Hernandez was able to get swings and misses more often than average against right-handed batters on his breaking-pitches, with the fastball rate being a little higher* and the change-up rate being about the same. He wasn’t fooling lefties with the off-speed though. Hernandez actually faced more lefties (260) than righties (202) last year, so if going to the pen would allow him to flip those proportions and he scrapped the change-up in favor of more breaking-balls (split between the two types), his total contact rate would still only drop be less than one percent, to 82%.
* The samples are small and the differences aren’t huge, but I find it interesting that Hernandez had a small reverse platoon split on fastball contact rate.
The issue remains that Hernandez’s fastball is hittable to big leaguers. Maybe if he was moved to the pen and picked up a tick of velocity, he’d be able to blow it by hitters more. Here’s a graph of contact rate against the fastball at various speeds against right-handed batters (blue) and left-handed batters (red).
As you can see, lefties had more trouble putting wood on the ball as Hernandez threw it harder, but righties didn’t quite as much (the lower contact rate for slower pitches is likely due to a tiny sample size – not that the rest of these are particularly large). It’s not a huge difference, but more velocity still did make the fastball harder to hit for right-handed batters. Maybe more movement on the pitch would help as well.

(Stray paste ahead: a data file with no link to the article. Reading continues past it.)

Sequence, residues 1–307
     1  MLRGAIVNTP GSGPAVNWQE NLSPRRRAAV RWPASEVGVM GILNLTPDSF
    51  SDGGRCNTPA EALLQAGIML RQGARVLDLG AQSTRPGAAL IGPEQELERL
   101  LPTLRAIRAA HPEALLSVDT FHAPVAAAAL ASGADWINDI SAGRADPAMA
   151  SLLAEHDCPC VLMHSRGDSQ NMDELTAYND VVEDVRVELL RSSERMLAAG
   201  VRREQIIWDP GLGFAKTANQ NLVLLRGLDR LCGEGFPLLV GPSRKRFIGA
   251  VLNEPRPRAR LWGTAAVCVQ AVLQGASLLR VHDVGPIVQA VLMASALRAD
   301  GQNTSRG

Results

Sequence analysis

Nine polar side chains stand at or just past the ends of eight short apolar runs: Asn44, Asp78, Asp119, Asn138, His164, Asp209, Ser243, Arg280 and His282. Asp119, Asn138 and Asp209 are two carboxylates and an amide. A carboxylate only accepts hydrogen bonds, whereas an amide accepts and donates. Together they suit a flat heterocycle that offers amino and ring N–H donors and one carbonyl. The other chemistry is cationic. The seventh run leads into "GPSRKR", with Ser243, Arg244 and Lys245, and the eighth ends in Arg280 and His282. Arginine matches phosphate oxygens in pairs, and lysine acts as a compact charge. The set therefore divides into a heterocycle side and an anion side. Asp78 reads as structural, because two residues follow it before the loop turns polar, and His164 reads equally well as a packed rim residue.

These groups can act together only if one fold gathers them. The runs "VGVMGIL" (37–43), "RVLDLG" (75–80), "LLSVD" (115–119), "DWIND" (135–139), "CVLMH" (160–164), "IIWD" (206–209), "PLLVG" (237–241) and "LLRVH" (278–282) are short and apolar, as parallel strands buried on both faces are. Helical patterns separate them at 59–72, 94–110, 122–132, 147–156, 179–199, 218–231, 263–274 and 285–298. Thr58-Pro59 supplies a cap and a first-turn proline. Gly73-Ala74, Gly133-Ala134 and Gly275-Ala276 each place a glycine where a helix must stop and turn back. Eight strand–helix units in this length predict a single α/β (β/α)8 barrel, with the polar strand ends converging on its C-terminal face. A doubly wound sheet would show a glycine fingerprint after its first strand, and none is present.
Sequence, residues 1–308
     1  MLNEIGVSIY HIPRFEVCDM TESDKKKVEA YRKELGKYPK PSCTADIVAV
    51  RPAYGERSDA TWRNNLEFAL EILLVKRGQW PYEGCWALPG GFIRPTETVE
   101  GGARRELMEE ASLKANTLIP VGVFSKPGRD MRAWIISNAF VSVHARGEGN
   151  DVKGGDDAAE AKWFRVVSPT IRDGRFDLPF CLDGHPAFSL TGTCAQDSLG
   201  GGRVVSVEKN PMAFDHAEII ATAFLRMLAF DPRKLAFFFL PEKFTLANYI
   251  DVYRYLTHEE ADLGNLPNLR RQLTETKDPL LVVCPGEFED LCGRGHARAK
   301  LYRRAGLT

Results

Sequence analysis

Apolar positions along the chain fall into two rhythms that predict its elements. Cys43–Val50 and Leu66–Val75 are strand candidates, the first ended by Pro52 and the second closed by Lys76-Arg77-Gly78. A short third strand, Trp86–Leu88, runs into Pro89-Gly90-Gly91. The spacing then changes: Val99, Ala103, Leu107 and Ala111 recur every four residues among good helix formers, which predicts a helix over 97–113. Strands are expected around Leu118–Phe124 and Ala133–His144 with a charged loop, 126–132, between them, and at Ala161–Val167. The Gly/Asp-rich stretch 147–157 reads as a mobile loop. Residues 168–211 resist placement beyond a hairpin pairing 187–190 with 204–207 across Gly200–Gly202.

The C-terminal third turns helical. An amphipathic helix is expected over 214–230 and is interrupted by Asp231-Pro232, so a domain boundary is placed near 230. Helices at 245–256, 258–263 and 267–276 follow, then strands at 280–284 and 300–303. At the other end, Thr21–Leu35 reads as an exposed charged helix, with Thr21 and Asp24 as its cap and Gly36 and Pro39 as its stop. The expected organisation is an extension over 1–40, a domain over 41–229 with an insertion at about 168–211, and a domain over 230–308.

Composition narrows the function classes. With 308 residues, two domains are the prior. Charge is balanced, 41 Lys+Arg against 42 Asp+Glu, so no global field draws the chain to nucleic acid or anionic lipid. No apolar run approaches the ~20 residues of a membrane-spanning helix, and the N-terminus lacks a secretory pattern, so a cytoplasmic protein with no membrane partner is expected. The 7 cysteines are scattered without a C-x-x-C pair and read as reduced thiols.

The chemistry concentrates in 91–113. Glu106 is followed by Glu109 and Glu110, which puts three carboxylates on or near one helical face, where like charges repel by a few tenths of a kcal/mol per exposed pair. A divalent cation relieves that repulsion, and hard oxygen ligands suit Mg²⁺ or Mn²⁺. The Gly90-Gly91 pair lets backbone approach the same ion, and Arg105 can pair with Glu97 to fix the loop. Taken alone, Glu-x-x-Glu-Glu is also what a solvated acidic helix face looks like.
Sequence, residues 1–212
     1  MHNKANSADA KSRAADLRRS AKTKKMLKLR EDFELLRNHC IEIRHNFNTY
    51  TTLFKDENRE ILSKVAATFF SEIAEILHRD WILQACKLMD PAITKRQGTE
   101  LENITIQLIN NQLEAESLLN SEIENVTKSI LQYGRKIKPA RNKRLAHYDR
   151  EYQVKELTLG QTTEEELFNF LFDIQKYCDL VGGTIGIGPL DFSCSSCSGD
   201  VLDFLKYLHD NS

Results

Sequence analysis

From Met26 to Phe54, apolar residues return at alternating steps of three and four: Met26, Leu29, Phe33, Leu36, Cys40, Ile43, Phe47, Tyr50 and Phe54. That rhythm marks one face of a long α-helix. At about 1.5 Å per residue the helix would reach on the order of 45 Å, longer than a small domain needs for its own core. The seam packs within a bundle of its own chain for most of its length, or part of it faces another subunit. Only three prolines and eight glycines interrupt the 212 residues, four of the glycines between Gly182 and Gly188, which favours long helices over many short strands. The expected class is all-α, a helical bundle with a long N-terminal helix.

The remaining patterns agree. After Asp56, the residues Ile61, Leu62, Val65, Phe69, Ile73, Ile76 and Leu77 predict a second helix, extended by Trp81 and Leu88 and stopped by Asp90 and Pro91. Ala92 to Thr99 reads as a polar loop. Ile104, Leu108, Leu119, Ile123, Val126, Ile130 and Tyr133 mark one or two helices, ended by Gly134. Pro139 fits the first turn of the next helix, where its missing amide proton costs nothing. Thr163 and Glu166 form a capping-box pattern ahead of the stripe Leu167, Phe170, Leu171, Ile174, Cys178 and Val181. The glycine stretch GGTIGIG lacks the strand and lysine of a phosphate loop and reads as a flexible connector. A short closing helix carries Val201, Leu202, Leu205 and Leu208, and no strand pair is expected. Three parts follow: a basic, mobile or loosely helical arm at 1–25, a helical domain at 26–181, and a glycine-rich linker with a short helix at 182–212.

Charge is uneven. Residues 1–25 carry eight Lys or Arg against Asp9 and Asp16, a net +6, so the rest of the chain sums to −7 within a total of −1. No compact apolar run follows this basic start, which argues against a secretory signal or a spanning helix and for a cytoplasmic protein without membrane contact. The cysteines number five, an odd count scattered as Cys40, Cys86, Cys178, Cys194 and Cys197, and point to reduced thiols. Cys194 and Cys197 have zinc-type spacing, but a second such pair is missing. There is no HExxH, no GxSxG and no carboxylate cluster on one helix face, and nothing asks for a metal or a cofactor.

The contact rate was pretty consistent for lefties – a little higher with more movement – but for righties it actually went up quite a bit as Hernandez got more break on the pitch. Perhaps that was because as David threw harder (which helped with some swings and misses), the ball moved less – his average movement for pitches in the low 90s was about half an inch more than for pitches in the mid 90s (with it appearing to be the case that velocity affected contact rate more than movement did). If moving to the pen would add, say, one mph to his fastball (with everything else staying the same), then the contact rate against the pitch would go down by a little over 1.5% – largely because of the improvement versus left-handed batters (since they fared worse versus faster pitches). Switch the proportion of batters faced (202 RHH, 260 LHH to 260 RHH, 202 LHH) and the drop is still 1%. Add 2 mph and it’s a 1.5 to 2% drop in contact rate on the fastball.
Combine the increase in velocity with dropping the change-up and facing more righties than lefties, and maybe Hernandez could increase his swing and miss rate by 2% overall – from 83% to 81%. That would still be worse than average. Given that strike-out rate is pretty strongly correlated with contact rate, as you can see (from qualified starters in 2009):
You could then expect David to up his from 6 K/9 to around 7 K/9. That’s a little bit better than the 15% increase from Sean’s study, but pretty close. (I should note that the projection for Hernandez has him improving to that 7 K/9 level as a starter already.) I guess that that might point towards the FIP conversion from starter to reliever at the top being a good indicator for what to expect if the move comes to pass; and all this was to say that there probably isn’t anything too special about Hernandez that would make the transition extra successful for him.
Overall, I think David Hernandez may end up in the bullpen just due to the number of young pitchers the Orioles have in their system. I wouldn’t expect that to be the cure from some of his issues as a pitcher though. Hernandez just needs to pitch better, no matter what role he’s in.